I have been reading some threads on my local Facebook groups complaining about rising prices in our Carleton Place grocery stores. Did you know since February that all your grocers have faced a stiff 7.5% jump in how much they’re paying for fruits, vegetables, and produce in general? Of course the prices for fresh food always jump in the winter because the produce is imported from the United States and Mexico. But this years rise in prices has little to do with the Winter seasons. Over 80% of our imported produce is bought and sold at the wholesale level only in U.S. Dollars. You can put the blame on our crashing Canadian currency along with competitive pressures. To put it simply, a decline in our dollar means it costs more to import food.
But with the sky-falling loonie, it has put pressure on supermarket owners to either absorb the higher costs, or pass it on to us shoppers. In February Loblaws had no choice and had to raise prices and cut back on promotions. Is there a light at the end of the tunnel? Some say our Canadian loonie might fall as low as 75 cents U.S. before it even recovers.
Customers are extremely value conscious these days and discount supermarkets are continuing to attract more customers. Walmart is said to be going on a huge reduction campaign in their supermarkets, but now that Target has left Canada, it remains to be seen what they will do. .
I have also noticed the price of a pack of ground beef originally $14 to 16 is now up to $23 to $27. Why? Well there seems to have been some sort of past protein shortage which passed on the resulting spike.Then you have to figure the nation-wide droughts caused a shortage in corn.The major use of corn is livestock, and the cost of keeping livestock alive got more expensive. But, word on the street is that should end soon. But the farmer reps still want the highest price and want a high-low price cycle of doing business. How long is it going to be before the processors move out of this province and country ?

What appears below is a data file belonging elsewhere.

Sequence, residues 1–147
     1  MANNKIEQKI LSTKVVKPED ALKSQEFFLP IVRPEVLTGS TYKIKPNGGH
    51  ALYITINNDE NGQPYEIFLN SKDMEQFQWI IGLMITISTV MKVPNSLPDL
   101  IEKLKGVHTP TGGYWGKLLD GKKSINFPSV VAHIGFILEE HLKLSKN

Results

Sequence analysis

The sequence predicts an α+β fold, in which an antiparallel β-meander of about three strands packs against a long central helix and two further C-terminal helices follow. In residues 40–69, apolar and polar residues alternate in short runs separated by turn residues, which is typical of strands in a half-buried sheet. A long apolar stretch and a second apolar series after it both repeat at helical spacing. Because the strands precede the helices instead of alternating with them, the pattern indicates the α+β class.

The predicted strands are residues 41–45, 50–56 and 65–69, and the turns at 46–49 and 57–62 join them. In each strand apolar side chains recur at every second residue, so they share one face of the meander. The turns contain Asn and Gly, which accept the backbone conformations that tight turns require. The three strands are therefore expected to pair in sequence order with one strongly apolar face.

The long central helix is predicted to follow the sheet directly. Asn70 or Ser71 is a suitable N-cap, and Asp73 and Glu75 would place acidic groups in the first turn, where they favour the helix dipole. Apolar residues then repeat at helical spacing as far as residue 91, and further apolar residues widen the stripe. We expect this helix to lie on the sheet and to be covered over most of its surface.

Grocers have to become more creative and less-than-desirable produce that many of us are quick to discard will now be sought out and sold in its own special section at certain Loblaw banner stores in Ontario and Quebec, Bravo Loblaws! We are an imperfect species. Embrace imperfect produce!
In closing I say, take it easy on your local grocers–they have a nightmare on their hands.They don’t even set the prices on our weekly flyers-the head office does. There is no way I would want to be in their shoes, but my personal view still is, if prices keep rising, do the hungry today become the starving tomorrow? Where does it end?